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Old 03-26-2019, 05:28 AM
 
6,875 posts, read 7,267,992 times
Reputation: 9785

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Quote:
That's not true. Companies don't hire the over-qualified because they know the employee will leave at the first opportunity. When a higher paying job that's more in line with the employee's qualification leads the person elsewhere, all that training and time invested is wasted. It has nothing to do with not wanting employees to go above and beyond
Can we have a little bit a nuance here? And not blanket statements. Most or many overqualified might leave. Not all.

I -- and many others -- have had the high stress, high-paying career.
I've applied for jobs below my skill level and previous pay -- because I CAN afford to work for less, because I want less stress and responsibility. That's doesn't mean I wouldn't work hard and be a great employee.

I just want a place I can work another 7 years. And if my starting pay is enough, I personally won't even need to ask for and wouldn't even care about a raise, my entire time with the job.

So you tell me who is more likely to leave the job -- me?..... or the 22-year-old who WILL likely (if not, most assuredly) LEAVE, as soon as a better offer comes along. So, on who did the employer really waste their time and training? ME or the recent college grad with no experience, who could be a snowflake....and does NOT have a record of 21 years with a previous company, and awards and accomplishments to show for it?

When I left my previous job at 56 (and 7 months later found my current job).....there were plenty of long-tenure colleagues there, who would leave and could afford to make less. They just don't think anyone would give them the chance to do that. It'd be too hard to find a job at 57...even a job where you'd willingly stay for 10 years. But many employers don't see the value in that worker...... Too bad really.
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Old 03-26-2019, 05:48 AM
 
1,854 posts, read 713,275 times
Reputation: 3960
Quote:
Originally Posted by selhars View Post
Can we have a little bit a nuance here? And not blanket statements. Most or many overqualified might leave. Not all.

I -- and many others -- have had the high stress, high-paying career.
I've applied for jobs below my skill level and previous pay -- because I CAN afford to work for less, because I want less stress and responsibility. That's doesn't mean I wouldn't work hard and be a great employee.

I just want a place I can work another 7 years. And if my starting pay is enough, I personally won't even need to ask for and wouldn't even care about a raise, my entire time with the job.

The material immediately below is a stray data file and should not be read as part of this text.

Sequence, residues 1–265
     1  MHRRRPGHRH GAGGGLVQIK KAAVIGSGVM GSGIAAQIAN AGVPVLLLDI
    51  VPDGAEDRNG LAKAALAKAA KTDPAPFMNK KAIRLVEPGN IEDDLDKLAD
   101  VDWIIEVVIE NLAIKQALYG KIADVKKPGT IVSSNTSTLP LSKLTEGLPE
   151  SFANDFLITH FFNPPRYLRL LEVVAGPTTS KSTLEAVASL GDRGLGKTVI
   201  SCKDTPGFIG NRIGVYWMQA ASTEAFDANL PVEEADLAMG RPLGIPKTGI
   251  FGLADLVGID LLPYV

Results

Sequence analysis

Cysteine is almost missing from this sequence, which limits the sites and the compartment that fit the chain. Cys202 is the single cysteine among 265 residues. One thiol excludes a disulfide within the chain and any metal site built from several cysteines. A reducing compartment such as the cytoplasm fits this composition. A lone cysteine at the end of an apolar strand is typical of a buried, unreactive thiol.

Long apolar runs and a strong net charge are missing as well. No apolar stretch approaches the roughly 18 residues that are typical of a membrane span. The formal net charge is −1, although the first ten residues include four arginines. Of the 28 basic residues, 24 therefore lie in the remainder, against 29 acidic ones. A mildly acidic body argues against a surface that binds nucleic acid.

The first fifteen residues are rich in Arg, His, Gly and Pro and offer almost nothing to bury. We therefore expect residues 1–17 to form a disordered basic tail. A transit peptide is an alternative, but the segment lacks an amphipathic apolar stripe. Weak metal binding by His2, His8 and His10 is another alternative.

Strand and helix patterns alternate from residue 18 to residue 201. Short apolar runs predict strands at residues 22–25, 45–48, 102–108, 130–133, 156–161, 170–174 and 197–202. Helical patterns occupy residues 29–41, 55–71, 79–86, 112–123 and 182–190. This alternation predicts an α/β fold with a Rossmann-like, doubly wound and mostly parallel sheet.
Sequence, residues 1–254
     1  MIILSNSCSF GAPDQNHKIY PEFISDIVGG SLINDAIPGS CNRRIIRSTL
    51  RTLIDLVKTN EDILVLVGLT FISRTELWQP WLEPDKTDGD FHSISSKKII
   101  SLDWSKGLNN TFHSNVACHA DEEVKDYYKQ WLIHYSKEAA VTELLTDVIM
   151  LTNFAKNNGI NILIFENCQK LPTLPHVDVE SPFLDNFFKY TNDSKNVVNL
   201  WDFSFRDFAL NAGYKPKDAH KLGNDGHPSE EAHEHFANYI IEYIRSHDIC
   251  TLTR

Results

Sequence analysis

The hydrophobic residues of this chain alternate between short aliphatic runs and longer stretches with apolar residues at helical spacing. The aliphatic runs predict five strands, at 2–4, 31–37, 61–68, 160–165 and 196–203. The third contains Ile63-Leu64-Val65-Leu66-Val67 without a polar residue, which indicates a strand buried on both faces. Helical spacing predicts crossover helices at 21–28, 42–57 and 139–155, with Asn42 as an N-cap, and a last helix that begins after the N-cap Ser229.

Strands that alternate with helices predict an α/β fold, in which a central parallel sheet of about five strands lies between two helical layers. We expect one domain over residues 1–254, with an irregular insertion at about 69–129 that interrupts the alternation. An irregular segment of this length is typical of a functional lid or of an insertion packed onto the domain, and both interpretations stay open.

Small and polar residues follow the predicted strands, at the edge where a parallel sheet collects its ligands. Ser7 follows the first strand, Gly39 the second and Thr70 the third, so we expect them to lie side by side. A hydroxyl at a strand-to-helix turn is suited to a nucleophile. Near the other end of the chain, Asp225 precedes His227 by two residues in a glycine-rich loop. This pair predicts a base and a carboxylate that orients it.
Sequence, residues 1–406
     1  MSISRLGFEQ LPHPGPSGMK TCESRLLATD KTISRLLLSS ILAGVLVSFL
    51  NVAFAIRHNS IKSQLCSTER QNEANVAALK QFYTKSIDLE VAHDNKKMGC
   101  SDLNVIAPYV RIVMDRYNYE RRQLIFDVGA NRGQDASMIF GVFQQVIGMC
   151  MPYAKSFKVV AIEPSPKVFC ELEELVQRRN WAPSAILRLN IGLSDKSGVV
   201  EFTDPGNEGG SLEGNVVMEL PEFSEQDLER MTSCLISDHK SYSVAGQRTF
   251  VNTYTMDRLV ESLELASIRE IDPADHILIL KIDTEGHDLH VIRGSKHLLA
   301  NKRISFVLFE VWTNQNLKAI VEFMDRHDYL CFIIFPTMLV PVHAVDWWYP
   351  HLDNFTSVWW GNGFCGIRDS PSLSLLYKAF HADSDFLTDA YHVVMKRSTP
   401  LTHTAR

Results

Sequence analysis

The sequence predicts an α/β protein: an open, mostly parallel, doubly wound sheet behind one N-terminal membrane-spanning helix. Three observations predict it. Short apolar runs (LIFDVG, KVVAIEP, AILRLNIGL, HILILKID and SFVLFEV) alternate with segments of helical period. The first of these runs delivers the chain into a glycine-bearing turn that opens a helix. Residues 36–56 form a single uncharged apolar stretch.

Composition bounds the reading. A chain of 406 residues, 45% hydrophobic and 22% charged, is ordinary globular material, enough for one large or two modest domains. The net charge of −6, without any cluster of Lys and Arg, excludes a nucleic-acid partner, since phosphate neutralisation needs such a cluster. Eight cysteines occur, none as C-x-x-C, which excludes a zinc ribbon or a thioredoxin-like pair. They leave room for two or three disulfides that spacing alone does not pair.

So you tell me who is more likely to leave the job -- me?..... or the 22-year-old who WILL likely (if not, most assuredly) LEAVE, as soon as a better offer comes along. So, on who did the employer really waste their time and training? ME or the recent college grad with no experience, who could be a snowflake....and does NOT have a record of 21 years with a previous company, and awards and accomplishments to show for it?

When I left my previous job at 56 (and 7 months later found my current job).....there were plenty of long-tenure colleagues there, who would leave and could afford to make less. They just don't think anyone would give them the chance to do that. It'd be too hard to find a job at 57...even a job where you'd willingly stay for 10 years. But many employers don't see the value in that worker...... Too bad really.
Yes, that is unfortunate that this is the outlook of many employers.
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Old 03-26-2019, 06:39 AM
 
Location: Greensboro, NC
633 posts, read 238,000 times
Reputation: 1532
Quote:
Originally Posted by rummage View Post
If a company loses a huge account and 20 people do nothing but work on that account, yes, there is going to be a layoff. But they are going to transfer the most valuable people to other projects if they can. And when the quality of the work suffers, they are going to get rid of the deadwood too. This is a fact of life for a business. You have some alternative form of reality of how this should work?
I specifically said "doesn't always play out that way." Yes I've seen layoffs go the way you're talking about (which is the way it should be), but I've also seen plenty of other variants that don't make as much sense. Depends on the company.

Quote:
Loyal? The customers aren't loyal, no one is expecting you to be loyal. I believe you are misguided in what is expected from you. The company isn't safe from competition either, I don't know why people are expecting some sort of guaranteed employment for life regardless of the situation they are in.
Which is why I said to always anticipate a layoff. Plus I did not say all companies expected loyalty; I said a lot of people think loyalty helps. Again, all said in my post that you quoted.

Quote:
The idea of not doing your best work for your entire working life so you can sit home when there is a layoff and feel better that you didn't give it your best by saying "I told you so", that sounds like a very shallow and sad life.
Except I specifically said to put in your best effort.

If you are going to quote me, how about not completely butchering/twisting what I said?
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Old 03-26-2019, 06:45 AM
 
1,665 posts, read 547,450 times
Reputation: 3555
Quote:
Originally Posted by AnOrdinaryCitizen View Post
It seems you always want to lecture people and always want to have the last words.

People don't care about those people in management who say one thing and do the other. Fake, fake, fake. Lie, lie, lie. Employees don't always listen to what the management say, they watch what they do.

If people work hard and feel valued, they feel happy and want to stay with the company and always want to do a good job for the company. Is that not good enough or very good? How much more and more the management expect from someone who's already good?

There are some stupid managers who don't value the hard-working employees but just value and favour the ones who can bribe and flatter them to make them feel good. Those managers are corrupted, and they are the ones that cause problems for the employees and the company. Because of those stupid and corrupted managers, the employees phone in sick more, change from above and beyond to mediocre.